DPD and UPS are both expanding their electric vehicle fleets as sustainability becomes a major battleground for carriers.
DPD will take delivery of 300 Nissan electric vehicles by May, taking its fleet to 450 vehicles. The carrier has a target of 500 electric vehicles by the end of the year, which it now hopes to exceed.
The Nissan e-NV200 can cover 124-187 miles on a single charge with 4.2 square metres of load space.
Dwain McDonald, DPD’s CEO commented, “This is a real landmark day in the move to a more sustainable future for the parcel industry. These vehicles are changing the way we work. It isn’t just a case of plugging them in and saying, ‘job done’.
“We are rethinking and re-engineering how we deliver parcels now and in the future with different route networks and new types of depots. It is an all-encompassing revolution for our industry and electric, emission-free vehicles are at the heart of that vision.
“Credit to Nissan who have stepped up and made affordable righthand drive vehicles available in significant numbers, but we can take far more, if other manufacturers do the same. These vehicles have been proven in the one of the harshest environments.
“They are quiet, reliable and they get the job done for us, day in, day out. This enables us to say to more and more customers, ‘we’re delivering your parcels emission-free’, which is a key selling point when we are talking to retailers.”
Meanwhile, UPS has invested in an electric vehicle manufacturer called Arrival, committing to buying 10,000 of its vehicles.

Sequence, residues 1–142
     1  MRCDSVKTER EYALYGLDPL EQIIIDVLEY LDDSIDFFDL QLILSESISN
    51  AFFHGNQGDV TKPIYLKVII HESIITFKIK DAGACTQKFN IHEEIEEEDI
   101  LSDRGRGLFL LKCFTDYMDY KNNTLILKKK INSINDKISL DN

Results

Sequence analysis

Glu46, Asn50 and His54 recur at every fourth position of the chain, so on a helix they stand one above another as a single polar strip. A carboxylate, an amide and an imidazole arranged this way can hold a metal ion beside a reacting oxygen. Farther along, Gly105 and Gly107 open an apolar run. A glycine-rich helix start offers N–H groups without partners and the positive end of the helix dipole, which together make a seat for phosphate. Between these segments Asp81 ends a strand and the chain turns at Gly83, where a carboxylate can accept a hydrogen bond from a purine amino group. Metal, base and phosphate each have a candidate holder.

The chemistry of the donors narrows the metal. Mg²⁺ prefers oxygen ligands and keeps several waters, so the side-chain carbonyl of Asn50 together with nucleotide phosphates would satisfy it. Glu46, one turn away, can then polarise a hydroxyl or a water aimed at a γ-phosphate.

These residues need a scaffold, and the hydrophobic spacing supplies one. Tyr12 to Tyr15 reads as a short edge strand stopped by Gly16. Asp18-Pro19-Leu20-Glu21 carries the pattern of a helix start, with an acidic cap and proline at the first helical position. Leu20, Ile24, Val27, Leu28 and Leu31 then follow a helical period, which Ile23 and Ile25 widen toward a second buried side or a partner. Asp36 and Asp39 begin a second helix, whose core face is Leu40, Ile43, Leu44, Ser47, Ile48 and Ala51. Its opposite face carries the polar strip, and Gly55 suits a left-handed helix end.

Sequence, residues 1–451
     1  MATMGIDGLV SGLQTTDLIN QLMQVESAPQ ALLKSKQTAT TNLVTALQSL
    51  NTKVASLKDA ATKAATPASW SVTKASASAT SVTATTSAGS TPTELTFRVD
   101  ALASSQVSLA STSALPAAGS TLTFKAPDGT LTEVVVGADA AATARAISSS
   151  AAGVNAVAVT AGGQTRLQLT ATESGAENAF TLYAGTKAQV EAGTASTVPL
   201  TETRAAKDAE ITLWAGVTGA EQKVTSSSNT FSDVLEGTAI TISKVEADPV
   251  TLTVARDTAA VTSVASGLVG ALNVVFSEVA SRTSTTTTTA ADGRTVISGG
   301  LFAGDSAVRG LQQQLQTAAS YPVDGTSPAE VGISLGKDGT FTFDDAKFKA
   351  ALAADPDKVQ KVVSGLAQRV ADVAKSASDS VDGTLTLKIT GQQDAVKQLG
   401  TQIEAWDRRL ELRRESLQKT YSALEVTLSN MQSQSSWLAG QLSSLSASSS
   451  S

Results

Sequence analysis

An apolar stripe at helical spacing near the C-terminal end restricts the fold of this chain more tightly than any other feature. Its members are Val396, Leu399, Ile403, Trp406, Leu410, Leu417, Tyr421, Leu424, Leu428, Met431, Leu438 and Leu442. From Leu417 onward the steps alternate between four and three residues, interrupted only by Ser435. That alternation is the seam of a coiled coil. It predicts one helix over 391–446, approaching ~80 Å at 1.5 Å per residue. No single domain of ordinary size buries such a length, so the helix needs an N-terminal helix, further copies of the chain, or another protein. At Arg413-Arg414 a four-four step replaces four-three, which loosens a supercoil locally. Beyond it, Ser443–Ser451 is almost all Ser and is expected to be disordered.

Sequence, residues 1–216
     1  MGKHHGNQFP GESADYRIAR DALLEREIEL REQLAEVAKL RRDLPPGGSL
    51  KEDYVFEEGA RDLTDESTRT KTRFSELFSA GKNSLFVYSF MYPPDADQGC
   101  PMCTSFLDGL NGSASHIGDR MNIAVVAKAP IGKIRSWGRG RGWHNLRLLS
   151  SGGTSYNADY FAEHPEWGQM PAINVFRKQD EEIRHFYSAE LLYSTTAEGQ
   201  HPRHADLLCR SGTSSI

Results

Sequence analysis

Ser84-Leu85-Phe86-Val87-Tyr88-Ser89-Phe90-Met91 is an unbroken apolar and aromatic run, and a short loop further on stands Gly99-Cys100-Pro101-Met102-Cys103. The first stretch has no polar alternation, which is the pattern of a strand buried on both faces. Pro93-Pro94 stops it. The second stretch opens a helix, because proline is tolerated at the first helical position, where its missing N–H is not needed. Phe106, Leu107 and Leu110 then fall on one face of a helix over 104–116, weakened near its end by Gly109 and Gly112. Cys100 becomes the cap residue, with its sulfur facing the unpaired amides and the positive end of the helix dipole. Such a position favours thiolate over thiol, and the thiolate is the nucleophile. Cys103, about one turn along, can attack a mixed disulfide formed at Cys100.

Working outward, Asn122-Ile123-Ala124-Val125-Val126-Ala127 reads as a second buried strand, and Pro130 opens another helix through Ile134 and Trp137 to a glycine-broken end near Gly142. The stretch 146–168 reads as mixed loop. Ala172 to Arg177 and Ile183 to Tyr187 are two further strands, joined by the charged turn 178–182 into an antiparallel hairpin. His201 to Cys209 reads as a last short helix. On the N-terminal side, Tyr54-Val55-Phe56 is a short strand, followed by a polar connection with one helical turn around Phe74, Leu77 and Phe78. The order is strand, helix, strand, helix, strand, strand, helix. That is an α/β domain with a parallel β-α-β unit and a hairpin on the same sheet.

The electric vehicles will be co-designed by the two companies and purpose-built for UPS specifications. They include advanced driver assistance systems, set to be tested later this year, which may allow them to move autonomously in UPS depots.
Arrival is a UK-based manufacturer of what it calls “Generation 2” electric vehicles, which are designed from the ground up to support electric propulsion, as opposed to being fossil fuel vehicles retrofitted with electric power. The vehicles can be assembled by “microfactories”, which are designed to be low footprint and located in areas of high demand.
The firm has also received investment from Hyundai and Kia.
Juan Perez, UPS chief information and engineering officer, said: “UPS continues to build an integrated fleet of electric vehicles, combined with innovative, large-scale fleet charging technology.
“As mega-trends like population growth, urban migration, and e-commerce continue to accelerate, we recognise the need to work with partners around the world to solve both road congestion and pollution challenges for our customers and the communities we serve. Electric vehicles form a cornerstone to our sustainable urban delivery strategies. Taking an active investment role in Arrival enables UPS to collaborate on the design and production of the world’s most advanced electric delivery vehicles.”
Carlton Rose, president of UPS Global Fleet Maintenance & Engineering, said: “Our investment and partnership with Arrival is directly aligned with UPS’s transformation strategy, led by the deployment of cutting-edge technologies.
“These vehicles are the world’s most advanced package delivery vehicles, redefining industry standards for electric, connected and intelligent vehicle solutions.”
Denis Sverdlov, Arrival chief executive, said: “UPS has been a strong strategic partner of Arrival’s, providing valuable insight into how electric delivery vans are used on the road and, importantly, how they can be completely optimised for drivers.
“Together, our teams have been working hard to create bespoke electric vehicles, based on our flexible skateboard platforms that meet the end-to-end needs of UPS from driving, loading/unloading and back-office operations. We are pleased that today’s investment and vehicle order creates even closer ties between our two companies.”